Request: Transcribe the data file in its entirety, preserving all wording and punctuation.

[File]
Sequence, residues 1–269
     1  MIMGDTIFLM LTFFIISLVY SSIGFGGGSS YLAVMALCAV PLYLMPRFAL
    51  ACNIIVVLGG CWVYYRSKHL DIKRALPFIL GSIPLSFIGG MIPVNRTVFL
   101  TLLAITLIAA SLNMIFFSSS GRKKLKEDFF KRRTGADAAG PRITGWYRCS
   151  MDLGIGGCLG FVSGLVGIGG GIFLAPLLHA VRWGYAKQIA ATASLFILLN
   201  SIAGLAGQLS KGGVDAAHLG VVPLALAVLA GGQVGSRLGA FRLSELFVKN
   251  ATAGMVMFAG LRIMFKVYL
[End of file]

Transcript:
Sequence, residues 1–269
     1  MIMGDTIFLM LTFFIISLVY SSIGFGGGSS YLAVMALCAV PLYLMPRFAL
    51  ACNIIVVLGG CWVYYRSKHL DIKRALPFIL GSIPLSFIGG MIPVNRTVFL
   101  TLLAITLIAA SLNMIFFSSS GRKKLKEDFF KRRTGADAAG PRITGWYRCS
   151  MDLGIGGCLG FVSGLVGIGG GIFLAPLLHA VRWGYAKQIA ATASLFILLN
   201  SIAGLAGQLS KGGVDAAHLG VVPLALAVLA GGQVGSRLGA FRLSELFVKN
   251  ATAGMVMFAG LRIMFKVYL